If you’re not using a business tagline, you’re missing out on the benefits of a highly powerful marketing tool.
If you are using a tagline, it may be time to give it a long, hard look. You want to be sure that your business tagline is working for you, rather than against you.
What Is a Tagline, Exactly?
You may be more familiar with the term slogan, which is similar to a tagline in many ways. Both business taglines and slogans are types of catchphrases — a short, memorable phrase that can be associated with a specific individual or business.
A slogan is a flexible, changeable catchphrase. You can adopt slogans for different products or services, for specific marketing campaigns, or to match the social and cultural ideals of the time.
Your tagline is a more enduring, all-encompassing phrase. A business tagline communicates your company’s values and identity and explains to the world what you’re really about.
Your tagline should be as recognizable — or more so — than your business name.
Why Having a Great Business Tagline Is Important
You have about 10 seconds to make an impression on prospects and hook them. In conjunction with your visual branding, it’s your tagline that has to do the heavy lifting in those precious first few seconds.
This is even more important if your name doesn’t really convey what you do.
Many companies today adopt names that don’t fully communicate their business model to potential customers. This is often necessary because in the world of website domain names, most of the good ones are already taken. When starting a new business, it may be necessary to adopt a less-than-optimal name in exchange for a better domain name.
In that case, you’ll have to rely on your business tagline to communicate what you do.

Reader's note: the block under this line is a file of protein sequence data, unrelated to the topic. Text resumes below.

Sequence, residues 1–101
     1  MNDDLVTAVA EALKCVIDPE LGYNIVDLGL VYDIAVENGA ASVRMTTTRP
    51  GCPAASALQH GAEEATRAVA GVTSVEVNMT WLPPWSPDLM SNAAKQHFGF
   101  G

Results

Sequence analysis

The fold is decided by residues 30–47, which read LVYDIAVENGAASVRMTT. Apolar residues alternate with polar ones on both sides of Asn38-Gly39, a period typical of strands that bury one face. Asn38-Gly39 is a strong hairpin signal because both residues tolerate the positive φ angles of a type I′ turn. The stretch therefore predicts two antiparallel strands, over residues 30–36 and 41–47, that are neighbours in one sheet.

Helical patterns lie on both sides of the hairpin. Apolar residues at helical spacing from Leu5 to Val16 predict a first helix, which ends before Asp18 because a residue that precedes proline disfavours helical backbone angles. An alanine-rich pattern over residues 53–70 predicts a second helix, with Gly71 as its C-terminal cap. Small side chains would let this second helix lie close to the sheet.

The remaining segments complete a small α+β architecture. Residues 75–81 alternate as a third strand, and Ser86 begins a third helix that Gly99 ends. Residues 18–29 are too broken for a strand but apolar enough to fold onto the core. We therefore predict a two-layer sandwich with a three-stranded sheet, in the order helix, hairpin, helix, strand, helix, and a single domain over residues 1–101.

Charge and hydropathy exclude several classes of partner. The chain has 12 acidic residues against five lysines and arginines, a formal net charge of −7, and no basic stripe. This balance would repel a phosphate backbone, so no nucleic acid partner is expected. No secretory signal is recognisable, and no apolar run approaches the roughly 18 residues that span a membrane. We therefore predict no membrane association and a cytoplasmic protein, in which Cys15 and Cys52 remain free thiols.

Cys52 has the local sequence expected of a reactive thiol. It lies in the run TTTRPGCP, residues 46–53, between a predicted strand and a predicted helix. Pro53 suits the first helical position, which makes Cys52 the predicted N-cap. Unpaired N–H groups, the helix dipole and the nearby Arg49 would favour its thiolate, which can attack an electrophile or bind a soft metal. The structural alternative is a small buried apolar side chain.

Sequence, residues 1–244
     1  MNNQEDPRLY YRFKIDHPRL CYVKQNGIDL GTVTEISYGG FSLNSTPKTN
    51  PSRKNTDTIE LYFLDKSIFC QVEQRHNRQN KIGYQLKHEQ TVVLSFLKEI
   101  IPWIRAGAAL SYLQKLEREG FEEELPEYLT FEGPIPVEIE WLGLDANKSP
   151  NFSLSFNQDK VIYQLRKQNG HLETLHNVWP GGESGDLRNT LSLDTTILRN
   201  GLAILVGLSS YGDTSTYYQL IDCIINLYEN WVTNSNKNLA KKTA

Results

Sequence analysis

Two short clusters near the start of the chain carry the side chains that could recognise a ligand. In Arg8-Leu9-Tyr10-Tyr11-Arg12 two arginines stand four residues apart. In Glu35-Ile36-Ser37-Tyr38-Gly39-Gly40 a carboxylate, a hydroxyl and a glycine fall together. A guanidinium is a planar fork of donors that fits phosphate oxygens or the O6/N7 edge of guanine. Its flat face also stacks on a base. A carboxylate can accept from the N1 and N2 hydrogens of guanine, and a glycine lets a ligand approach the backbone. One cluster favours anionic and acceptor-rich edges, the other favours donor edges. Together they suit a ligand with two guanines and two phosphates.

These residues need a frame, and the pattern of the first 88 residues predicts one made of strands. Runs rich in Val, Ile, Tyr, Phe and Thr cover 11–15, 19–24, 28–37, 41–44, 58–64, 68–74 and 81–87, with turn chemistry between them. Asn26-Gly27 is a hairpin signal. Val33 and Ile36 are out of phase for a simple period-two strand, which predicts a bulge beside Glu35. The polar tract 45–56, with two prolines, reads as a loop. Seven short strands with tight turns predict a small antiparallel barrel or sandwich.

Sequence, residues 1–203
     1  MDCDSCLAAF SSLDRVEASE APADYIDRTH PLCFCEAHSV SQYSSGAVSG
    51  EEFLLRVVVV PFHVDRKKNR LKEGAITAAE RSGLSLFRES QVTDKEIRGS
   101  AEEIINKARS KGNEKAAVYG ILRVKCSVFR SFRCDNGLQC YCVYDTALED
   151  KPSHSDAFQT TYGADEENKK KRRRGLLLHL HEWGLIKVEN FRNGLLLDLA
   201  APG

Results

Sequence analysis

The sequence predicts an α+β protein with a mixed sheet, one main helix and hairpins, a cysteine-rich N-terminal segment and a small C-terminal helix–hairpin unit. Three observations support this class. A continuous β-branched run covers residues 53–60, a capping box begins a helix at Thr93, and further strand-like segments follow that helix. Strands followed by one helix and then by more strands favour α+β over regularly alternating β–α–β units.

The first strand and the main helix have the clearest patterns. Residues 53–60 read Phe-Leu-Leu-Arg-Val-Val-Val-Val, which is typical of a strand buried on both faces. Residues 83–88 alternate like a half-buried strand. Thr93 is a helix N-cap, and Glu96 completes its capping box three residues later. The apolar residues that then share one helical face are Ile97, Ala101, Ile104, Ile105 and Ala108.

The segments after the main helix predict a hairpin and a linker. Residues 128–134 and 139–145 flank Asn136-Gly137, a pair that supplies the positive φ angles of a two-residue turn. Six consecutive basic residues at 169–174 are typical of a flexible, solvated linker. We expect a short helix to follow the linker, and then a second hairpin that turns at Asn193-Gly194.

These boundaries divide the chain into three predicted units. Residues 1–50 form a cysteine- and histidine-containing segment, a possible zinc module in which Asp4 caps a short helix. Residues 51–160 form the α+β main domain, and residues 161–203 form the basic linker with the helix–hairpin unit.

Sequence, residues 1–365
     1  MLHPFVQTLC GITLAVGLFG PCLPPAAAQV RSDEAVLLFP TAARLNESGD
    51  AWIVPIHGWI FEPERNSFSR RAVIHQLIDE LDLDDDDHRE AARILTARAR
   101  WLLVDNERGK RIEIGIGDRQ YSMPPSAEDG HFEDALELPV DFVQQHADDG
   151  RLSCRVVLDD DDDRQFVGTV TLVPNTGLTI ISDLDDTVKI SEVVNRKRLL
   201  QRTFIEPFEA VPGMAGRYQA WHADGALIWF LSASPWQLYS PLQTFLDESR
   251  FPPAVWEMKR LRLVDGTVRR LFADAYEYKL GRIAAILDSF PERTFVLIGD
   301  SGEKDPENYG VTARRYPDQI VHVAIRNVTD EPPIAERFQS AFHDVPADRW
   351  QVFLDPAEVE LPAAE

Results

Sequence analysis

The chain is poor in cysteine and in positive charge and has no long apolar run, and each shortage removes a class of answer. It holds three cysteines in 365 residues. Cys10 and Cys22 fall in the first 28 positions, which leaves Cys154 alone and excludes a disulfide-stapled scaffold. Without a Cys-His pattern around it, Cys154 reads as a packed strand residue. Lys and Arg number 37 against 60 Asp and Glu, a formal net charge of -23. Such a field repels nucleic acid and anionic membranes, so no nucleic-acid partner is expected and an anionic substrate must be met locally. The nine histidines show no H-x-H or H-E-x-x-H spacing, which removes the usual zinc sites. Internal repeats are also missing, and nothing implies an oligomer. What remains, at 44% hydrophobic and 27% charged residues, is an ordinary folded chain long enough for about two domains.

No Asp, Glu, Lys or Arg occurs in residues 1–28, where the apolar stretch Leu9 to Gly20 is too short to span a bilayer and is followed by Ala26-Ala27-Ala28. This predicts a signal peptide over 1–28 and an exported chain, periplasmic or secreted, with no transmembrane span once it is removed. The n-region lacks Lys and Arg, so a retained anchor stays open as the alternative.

In fact, Ad Age magazine describes a tagline as your business’ battle cry. When your customers hear it, they’d better know exactly what’s coming!
Elements of a Great Business Tagline
Your catchphrase is going to be with you for a long time, so it had better be good. But what are the elements that make a business tagline great?
The American Marketing Association recommends incorporating four critical elements when writing a tagline: category, consumer, brand and product. Now, wrap these four elements up in a promise, and you have yourself a tagline.
This one has all those elements and more: Fresh, Hot Pizza Delivered To Your Door In Under 30 Minutes Or It’s Free! Guaranteed.
A few more prime examples that you probably recognize include these classics:
- We’ll leave the light on for you
- The happiest place on earth
- Just do it
- Like a good neighbor …
- Where’s the beef?
Chances are, you connected instantly with each of those. And that’s what you must aim for when creating your business tagline.
Of course, your tagline must be memorable to your audience, if it’s going to influence their purchasing decisions. The four proven literary techniques for making your tagline stick in your targets’ memory are alliteration, rhyme, repetition and reversal.
- Alliteration: “Doesn’t your dog deserve Alpo?” “Every kiss begins with Kay.”
- Rhyme: “It takes a lickin’ and keeps on tickin’.” “The quicker picker-upper.”
- Repetition: “Plop, plop, fizz, fizz …,” “It keeps going, and going, and going …”
- Reversal: “Don’t get mad. Get GLAD.” “The best surprise is no surprise.”
Today, the double-entendre is also a powerful memory trigger. For example, “Nothing runs like a Deere,” or “We’re behind you every step of the way.”
Yes, it will be challenging to fit some or all of these literary devices into your catchphrase, but it will be worth it. You’ve probably heard the old adage — a quote from Ben Franklin, actually — that goes, “Early to bed, early to rise, makes a man healthy, wealthy and wise.”
It rhymes; it has alliteration; it repeats and it reverses (sort of). And it’s almost 300 years old, yet you remember it.